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Home >> Life
UPDATED: 08:50, January 20, 2006
German leaders wake up to shrinking population
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Are Germans an endangered species?

Stunning as it may seem, a steep decline in the German population since 1972 and fears the trend will gain pace have led demographers to warn of unsettling consequences.

The number of Germans has declined by 3.2 million the population of Berlin over the last 30 years but demographers' concerns have mostly been ignored until now in a country scarred by the Nazis' nefarious procreation pressures.

German leaders have now lifted the birth rate to the top of the political agenda for the first time since the Nazi era, and the two ruling parties are trying to outdo each other with pro-family measures.

"Germans are at risk of dying out if the trend continues," said Harald Michel, managing director of the Institute for Applied Demography. He fears the German population could shrink from 75 million to 50 million by 2050 and further after that.

"The birth rates have been below the replacement rate for 35 years a lethal development," he added. "Germans could become an 'endangered people'. It's hypothetical now but we may have to think about 'the last German' at some point. The problem is compounded each generation. Children not born 30 years ago obviously aren't there to have children now."

Silent shrinking

Germans have long had one of the lowest birth rates in the European Union at 1.3 children per woman far below the "replacement rate" of 2.1 needed to keep the population stable and about half the rate of 40 years ago.

More than 30 per cent of east and west Germans born from 1960 to 1967 will remain childless. Among Germans with higher education, the childless rate is even higher at 38 per cent.

"Each generation is being reduced by about a third," said Norbert Walter, chief economist at Deutsche Bank.

"The consequences are foreseeable," he added, referring to the financial havoc a shrinking population is causing in areas ranging from the increasingly underfunded state pension system to weak consumer spending and sagging property values.

"I think it's an exaggeration to talk about Germans becoming 'extinct'. But when a country that once had more than 80 million people ends up with only 60 million at some point down the road, well, that will be a completely different country then."

The silent shrinking has so far been masked by immigrants.

But Germany's anaemic economy is no longer a magnet and the total population, which includes 7 million foreigners, has actually declined in recent years from a peak of 82,536,680 in 2002 to 82,500,849 in 2004.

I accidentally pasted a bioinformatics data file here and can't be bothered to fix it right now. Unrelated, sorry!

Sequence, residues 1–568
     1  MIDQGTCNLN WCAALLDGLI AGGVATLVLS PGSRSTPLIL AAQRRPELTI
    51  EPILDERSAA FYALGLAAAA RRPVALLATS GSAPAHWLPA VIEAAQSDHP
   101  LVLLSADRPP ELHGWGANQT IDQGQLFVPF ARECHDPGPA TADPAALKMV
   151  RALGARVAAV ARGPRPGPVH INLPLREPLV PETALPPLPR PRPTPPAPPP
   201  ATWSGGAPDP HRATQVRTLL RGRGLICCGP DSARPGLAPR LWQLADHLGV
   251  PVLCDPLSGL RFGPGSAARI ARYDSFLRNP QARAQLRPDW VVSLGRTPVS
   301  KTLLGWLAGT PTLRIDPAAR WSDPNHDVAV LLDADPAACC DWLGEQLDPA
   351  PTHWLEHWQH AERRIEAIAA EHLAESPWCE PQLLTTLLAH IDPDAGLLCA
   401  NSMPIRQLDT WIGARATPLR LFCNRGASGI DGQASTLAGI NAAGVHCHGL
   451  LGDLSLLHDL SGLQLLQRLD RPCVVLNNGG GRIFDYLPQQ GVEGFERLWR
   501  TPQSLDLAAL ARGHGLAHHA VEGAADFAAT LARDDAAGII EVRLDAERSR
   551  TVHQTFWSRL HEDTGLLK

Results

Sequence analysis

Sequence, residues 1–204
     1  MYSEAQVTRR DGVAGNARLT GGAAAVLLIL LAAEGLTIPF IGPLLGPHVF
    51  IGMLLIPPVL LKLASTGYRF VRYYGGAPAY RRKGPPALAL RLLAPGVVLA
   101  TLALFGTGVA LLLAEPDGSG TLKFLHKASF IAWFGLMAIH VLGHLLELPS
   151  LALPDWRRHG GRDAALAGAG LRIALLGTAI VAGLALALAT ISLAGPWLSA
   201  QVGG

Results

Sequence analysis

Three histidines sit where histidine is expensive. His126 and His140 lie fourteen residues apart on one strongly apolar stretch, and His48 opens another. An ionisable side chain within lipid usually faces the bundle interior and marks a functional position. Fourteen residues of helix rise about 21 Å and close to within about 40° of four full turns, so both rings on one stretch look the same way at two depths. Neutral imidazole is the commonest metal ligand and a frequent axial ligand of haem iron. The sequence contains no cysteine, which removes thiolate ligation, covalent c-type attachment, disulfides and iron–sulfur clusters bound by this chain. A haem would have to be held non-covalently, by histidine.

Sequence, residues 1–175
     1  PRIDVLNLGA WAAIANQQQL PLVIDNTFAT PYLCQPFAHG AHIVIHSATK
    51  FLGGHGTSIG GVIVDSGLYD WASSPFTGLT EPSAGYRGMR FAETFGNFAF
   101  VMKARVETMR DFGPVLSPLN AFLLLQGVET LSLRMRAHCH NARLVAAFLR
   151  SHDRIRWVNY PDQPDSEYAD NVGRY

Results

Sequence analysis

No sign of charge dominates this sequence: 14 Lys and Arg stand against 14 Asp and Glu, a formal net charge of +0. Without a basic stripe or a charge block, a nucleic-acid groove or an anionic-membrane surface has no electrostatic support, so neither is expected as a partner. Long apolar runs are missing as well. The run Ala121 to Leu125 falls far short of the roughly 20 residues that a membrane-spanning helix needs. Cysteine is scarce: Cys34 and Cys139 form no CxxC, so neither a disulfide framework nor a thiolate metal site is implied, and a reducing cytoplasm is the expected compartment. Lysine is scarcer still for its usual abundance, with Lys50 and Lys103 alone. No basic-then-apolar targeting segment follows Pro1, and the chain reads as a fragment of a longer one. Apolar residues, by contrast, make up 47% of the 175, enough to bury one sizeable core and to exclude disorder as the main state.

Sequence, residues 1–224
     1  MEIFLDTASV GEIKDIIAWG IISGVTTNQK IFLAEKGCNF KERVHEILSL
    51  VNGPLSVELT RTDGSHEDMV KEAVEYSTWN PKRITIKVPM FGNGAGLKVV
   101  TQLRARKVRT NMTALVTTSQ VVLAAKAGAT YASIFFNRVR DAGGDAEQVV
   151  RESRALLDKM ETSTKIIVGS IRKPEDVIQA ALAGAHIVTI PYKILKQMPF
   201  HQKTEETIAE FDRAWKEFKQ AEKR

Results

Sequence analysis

Nazi promotions, present taboo

Low birth rates plague other nations like Italy, Russia and Japan where the Yomiuri daily said last month that the average number of children a woman bears in her lifetime fell to a record low in 2005.

But demographers say Germany is worse off because the problem has been ignored for so long. In other leading industrial nations like the United States, Britain and France, birth rates are much closer to the replacement rate.

"Why did we show so little interest the last 40 years as we went from a republic rich with children to one with a children shortage?" former Chancellor Gerhard Schroeder asked last year.

Now, interest has revived. Angela Merkel's government formed late last year recently agreed to give new mothers generous one-year wage replacement subsidies. Plans to eliminate fees for kindergarten are also being floated.

"It's the first time since 1945 that a German Government has come out of the closet about population policy," wrote the Berliner Zeitung newspaper. "Family policy is suddenly chic."

Despite state financial support of 150 billion euros a year for child support programmes including monthly subsidies of 154 euros per child, many Germans are reluctant to start families due to a generally frosty attitude to children.

Parents with young children are often made to feel unwelcome in restaurants, employers rarely make arrangements for workers with small children, pre-school care in some places is hard to find and fees far exceed costs for university. Many schools also close at noon, making it difficult for working parents.

"It's an extremely complex issue," said Walter. "It's a delicate topic and it's going to remain sensitive in Germany where it can't be handled as it might in a normal country."

Although it was 60 years ago, Nazi methods to encourage women to have children to bolster Hitler's future armies weigh on the collective consciousness.

The Nazis gave women a "Mutterkreuz," or "mother's cross of honour," and a certificate signed by Hitler thanking them "in the name of the German people."

A bronze "Mutterkreuz" went to women with four to five children, silver for six to seven and gold for eight or more.

"That history is still playing a role in Germany," said Michel. "Population policy was long a taboo topic."

Michel said he did not believe the sudden talk of greater state support for child care or a host of other state plans to boost the birth rate will change very much.

"We're on a downward trend; it cannot be stopped," he said. "We should come to terms with a shrinking German population."

( 1 euro = US$1.21)

Source: China Daily

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